A judge deciding Oscar Pistorius’ fate cast doubt on witness testimony Thursday as she prepared to deliver a verdict in his murder trial.
Pistorius’ trial started six months ago, transfixing the world with graphic details of how he fatally shot his supermodel girlfriend, Reeva Steenkamp.
Inside the courtroom, he trembled and cried as Judge Thokozile Masipa read from a large stack of white papers.
Masipa said she believes media coverage contaminated testimonies, and she doubted state witnesses, saying they were in and out of sleep the night of the killing on Valentine’s Day last year.
“Technology is more reliable than human perception and human memory,” she said, indicating she trusted technology more than witness memories.
She described the victim’s wound as “immediately incapacitating,” and said she believed a scream heard by witnesses the night of the killing was Pistorius,’ not Steenkamp’s.
The judge appeared to be accepting the defense time line of events that the shots came first, then screaming that must have been Pistorius.
She knocked down some aspects of the state’s case: the fact that Steenkamp took her phone and locked herself in the bathroom allegedly out of fear for her safety, phone messages between the couple that showed some rocky patches, and her stomach contents.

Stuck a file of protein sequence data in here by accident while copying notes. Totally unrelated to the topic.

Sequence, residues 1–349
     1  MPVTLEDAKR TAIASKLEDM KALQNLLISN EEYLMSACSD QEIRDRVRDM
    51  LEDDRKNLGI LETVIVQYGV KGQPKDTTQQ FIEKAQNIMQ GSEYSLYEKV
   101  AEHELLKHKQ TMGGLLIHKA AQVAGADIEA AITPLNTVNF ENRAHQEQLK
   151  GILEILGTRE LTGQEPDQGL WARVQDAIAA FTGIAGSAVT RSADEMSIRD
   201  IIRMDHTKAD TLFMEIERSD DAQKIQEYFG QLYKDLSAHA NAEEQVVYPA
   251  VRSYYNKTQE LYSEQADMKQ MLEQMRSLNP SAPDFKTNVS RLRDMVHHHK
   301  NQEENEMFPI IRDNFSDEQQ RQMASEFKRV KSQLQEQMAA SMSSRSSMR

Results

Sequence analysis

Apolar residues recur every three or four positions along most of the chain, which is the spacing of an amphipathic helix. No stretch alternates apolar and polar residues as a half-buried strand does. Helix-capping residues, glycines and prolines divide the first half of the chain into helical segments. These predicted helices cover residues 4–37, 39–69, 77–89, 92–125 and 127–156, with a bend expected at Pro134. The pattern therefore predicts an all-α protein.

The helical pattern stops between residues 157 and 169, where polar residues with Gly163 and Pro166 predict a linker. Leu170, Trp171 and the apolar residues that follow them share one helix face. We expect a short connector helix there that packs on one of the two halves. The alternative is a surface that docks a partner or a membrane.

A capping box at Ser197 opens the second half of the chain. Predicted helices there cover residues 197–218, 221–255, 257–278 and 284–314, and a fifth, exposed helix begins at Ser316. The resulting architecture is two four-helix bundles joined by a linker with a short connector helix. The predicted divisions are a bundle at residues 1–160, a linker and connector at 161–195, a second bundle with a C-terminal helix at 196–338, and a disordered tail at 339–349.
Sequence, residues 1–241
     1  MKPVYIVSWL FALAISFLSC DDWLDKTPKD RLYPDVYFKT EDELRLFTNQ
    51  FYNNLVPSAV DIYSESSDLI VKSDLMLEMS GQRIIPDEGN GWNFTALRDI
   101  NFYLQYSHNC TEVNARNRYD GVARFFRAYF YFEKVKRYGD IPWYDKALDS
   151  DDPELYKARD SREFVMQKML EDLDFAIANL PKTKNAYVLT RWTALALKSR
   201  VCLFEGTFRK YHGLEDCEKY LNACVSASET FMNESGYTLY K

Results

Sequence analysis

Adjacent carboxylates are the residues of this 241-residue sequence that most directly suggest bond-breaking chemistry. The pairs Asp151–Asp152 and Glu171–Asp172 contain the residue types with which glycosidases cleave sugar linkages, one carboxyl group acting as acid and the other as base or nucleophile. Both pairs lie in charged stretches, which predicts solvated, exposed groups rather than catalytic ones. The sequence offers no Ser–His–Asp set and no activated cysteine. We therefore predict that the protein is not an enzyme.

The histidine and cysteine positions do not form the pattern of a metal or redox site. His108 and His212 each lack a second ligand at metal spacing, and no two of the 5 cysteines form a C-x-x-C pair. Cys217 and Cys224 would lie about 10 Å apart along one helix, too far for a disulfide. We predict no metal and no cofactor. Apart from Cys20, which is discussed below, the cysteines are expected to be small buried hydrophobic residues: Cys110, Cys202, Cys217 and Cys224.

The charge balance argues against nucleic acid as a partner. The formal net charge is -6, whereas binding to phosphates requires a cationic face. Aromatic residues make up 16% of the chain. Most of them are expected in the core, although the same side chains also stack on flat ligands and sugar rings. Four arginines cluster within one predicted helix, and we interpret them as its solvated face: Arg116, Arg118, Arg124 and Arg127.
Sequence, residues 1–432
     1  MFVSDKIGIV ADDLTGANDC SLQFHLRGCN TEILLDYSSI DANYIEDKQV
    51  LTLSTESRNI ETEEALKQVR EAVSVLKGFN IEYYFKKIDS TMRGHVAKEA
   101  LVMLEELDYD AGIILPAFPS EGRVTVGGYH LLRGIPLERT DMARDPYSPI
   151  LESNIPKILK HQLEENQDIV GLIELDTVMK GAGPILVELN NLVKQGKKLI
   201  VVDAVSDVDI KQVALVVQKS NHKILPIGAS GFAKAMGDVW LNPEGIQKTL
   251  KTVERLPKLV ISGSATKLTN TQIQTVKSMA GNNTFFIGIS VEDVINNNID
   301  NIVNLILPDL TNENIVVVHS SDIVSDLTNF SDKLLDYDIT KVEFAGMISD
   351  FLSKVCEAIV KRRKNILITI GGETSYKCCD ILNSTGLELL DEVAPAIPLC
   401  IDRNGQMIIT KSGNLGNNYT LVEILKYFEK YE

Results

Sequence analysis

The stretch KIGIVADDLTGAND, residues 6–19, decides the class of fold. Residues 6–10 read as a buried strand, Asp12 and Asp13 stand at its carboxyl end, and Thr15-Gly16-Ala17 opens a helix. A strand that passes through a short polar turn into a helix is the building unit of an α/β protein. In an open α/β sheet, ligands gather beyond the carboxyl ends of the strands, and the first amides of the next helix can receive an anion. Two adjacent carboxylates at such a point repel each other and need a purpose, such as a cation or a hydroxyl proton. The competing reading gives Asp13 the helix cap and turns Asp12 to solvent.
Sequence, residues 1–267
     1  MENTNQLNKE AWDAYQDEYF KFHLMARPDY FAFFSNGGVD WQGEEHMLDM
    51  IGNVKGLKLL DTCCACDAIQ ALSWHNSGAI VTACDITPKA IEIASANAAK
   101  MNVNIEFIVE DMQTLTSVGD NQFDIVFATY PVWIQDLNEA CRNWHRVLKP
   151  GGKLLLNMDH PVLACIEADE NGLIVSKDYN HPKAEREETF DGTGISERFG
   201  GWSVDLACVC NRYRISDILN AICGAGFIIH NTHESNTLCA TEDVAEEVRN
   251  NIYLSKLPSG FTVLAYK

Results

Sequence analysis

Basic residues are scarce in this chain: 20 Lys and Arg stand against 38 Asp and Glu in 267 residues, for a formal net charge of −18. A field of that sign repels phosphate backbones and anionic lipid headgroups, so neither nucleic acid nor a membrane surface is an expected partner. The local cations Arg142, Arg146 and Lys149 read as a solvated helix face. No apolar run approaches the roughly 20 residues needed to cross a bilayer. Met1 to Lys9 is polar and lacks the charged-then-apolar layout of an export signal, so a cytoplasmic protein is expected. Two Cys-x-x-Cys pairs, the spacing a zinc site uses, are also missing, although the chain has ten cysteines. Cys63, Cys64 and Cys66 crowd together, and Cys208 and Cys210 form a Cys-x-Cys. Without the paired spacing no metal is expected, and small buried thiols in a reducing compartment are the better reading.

Steenkamp’s parents, Barry and June Steenkamp, sat expressionless a few rows behind the man on trial for killing their daughter. Her father bowed his head as he heard about his daughter’s fatal wounds.
Of the additional three charges, the most serious one is related to ammunition found in his house when police searched it after the killing.
He did not have a proper license for it, but he maintains he was storing it in his safe for his father.
If he is found guilty of the ammunition charge, he could face up to 15 years in prison, though the judge could opt for a lesser punishment such as a fine or the loss of his gun license.
Two other charges are related to allegations that he recklessly fired a gun in public — once in a restaurant in 2012, and again out of the sunroof of a car last year. Pistorius denies both.
The maximum penalty for each charge is five years behind bars. If he is convicted of either, he could face a lesser sentence, such as a fine or the loss of his gun license.
If the judge finds him guilty of murder, she must then decide if it’s premeditated. A minimum sentence for premeditated murder is life. A minimum sentence for murder with no previous convictions is 15 years.
Pistorius argues he made a mistake and was trying to defend himself from an intruder. If Masipa accepts that as plausible, she will then have to decide if his mistake and his actions were reasonable.
If she says they were not, she’ll find him guilty of a crime called culpable homicide. There is no minimum sentence for culpable homicide in South African law — it’s up to the judge to decide.
And there’s one final possibility.
If the judge does not think the prosecution has proved its case, she will find him not guilty, and Pistorius will be a free man.
Masipa will make her decision with the assistance of two experts known as assessors.